Weight Loss Made Easy!

Sign Up For Women’s Cycling Free Monthly Newsletter!


Follow Us On Facebook


follow me buttons

Shifting To Clip-in Pedals

By Jacqui Snyder

Shifting to Clipless pedalsRecently a reader enquired about different types of clip-in pedals and how to make the switch from standard pedals to clip-ins. I thought it was a great topic that many people would be interested in.

With clip-in pedals, cycling becomes much more efficient. You can take advantage of many different leg muscles, thereby getting more energy and power.  As a result you can cycle further and faster.

Like many of us, I started with just the flat pedals. These are great to learn to cycle on and give you a sense of security in that you can put your feet on the ground at any time. This is a bit of a fallacy, and once you get used to baskets or clip-ins, you will find it becomes second nature to pull your foot out without another thought. I went first to the basket and then to the clip-in.  The tightness of the baskets can be adjusted, which you can’t really do in clip-ins, so for me it was a great intermediary transition.

The best place to practice is a flat grassy area. Wear a helmet, gloves and protective gear as you will fall. Practice getting your feet in and out of the pedals as you cycle. Once you feel you have a reasonable grasp of it, ride on a bike path and practice some more. Then ride on the road in a low traffic area. At first, release your foot way before you need to. I often cycled for long stretches with only 1 foot clipped in. With time unclipping will become second nature.

When first using new clip-ins, the mechanism is tight, so it will be harder to get your feet out which makes learning it tougher. You may find if you put a little lubricant on the pedal/shoe clip your foot will release more easily, and with time the whole mechanism will loosen. The bike shop may also be able to loosen it slightly, depending on the type of pedals you have. Once you get set up it will be worth it.  The transition takes a bit of patience. 

Once you are used to the pedals, think about the way you rotate on the pedal. Concentrate on various parts of the circle:

1) push your foot forward and down from the top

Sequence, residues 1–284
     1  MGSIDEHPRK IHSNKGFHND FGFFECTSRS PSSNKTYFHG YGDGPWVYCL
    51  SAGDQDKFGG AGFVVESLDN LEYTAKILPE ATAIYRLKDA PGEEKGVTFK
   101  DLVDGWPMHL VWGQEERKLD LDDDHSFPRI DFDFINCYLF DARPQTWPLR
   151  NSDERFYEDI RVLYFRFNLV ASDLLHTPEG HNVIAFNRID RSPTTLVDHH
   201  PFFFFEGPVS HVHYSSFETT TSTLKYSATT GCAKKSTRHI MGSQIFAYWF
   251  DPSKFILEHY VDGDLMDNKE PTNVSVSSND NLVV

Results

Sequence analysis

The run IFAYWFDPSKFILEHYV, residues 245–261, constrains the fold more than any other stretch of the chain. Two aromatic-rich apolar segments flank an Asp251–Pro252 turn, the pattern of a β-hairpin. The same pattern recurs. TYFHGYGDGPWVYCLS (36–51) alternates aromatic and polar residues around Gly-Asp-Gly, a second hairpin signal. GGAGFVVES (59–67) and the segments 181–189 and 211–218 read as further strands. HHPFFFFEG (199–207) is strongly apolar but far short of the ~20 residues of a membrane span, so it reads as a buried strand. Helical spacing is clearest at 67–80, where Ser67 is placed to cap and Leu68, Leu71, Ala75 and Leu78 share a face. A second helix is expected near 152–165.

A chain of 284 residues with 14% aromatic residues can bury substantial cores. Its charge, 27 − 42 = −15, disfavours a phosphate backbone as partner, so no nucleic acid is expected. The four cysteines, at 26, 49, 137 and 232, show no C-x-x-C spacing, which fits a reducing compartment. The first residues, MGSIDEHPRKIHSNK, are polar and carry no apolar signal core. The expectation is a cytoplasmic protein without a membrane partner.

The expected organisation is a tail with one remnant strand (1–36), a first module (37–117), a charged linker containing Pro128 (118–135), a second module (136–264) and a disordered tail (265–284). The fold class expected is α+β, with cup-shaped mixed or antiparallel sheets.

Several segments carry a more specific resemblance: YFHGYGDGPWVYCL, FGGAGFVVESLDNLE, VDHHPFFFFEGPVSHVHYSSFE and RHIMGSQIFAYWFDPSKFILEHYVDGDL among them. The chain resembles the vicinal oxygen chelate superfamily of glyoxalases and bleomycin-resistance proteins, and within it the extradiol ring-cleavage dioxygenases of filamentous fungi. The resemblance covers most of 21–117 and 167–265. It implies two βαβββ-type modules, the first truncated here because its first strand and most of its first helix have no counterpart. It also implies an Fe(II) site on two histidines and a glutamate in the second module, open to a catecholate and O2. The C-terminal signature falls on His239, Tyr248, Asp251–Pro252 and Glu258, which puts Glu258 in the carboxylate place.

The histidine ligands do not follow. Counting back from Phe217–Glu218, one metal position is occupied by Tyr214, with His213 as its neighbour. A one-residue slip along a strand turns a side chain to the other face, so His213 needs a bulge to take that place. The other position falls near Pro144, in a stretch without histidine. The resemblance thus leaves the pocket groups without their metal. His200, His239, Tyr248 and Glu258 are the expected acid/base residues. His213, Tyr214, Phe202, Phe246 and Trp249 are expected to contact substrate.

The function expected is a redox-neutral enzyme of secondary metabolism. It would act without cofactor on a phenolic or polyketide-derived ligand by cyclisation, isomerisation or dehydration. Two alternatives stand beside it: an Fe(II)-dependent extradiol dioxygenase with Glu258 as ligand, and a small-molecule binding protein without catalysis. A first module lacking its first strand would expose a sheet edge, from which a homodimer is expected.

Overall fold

2) pull your foot backwards (think of scraping something off the bottom of your shoe)

3) from the bottom pull backwards and up

4) think of equal tension all the way around the outside of the rotation

If you’ve purchased a new bike at the same time as switching to pedals, the question is, do you get used to one prior to the other? If you are concerned, then get used to the bicycle by taking it out 4 or 5 times with the pedals you are used to.  When you think you are ready (you are never really ready), then change the pedals.

Regarding types of pedals to purchase, that becomes quite personal. Technology changes constantly. Talk to a couple of good bike shops about it. They will be biased based on the products they carry. I tend to get things at a store that is easy for me to get to for efficiency sake. Also, read some cycling magazines and talk to other cyclists to get their opinions.

Personally, I use what is known as egg-beaters. That’s what they look like.  They are light and you can get into them on 4 sides. If you mountain bike, you run the risk of getting caught in shrubs (though that has yet to happen).

If you have any questions, feel free to contact me. 

Jacqui Snyder
ADVENTOURUS Active Vacations
CAN-BIKE Instructor
[email protected]

Jacqui Snyder is an avid sports-person, trained Chef (George Brown College graduate; trained in Switzerland and England), foodie, people-person and traveler. She is a certified CAN-BIKE instructor and has cycled for as long as she can remember. Jacqui runs ADVENTOURUS Active Vacations, organizing skiing, cycling, and hiking vacations.

Leave a Reply

You can use these HTML tags

<a href="" title=""> <abbr title=""> <acronym title=""> <b> <blockquote cite=""> <cite> <code> <del datetime=""> <em> <i> <q cite=""> <s> <strike> <strong>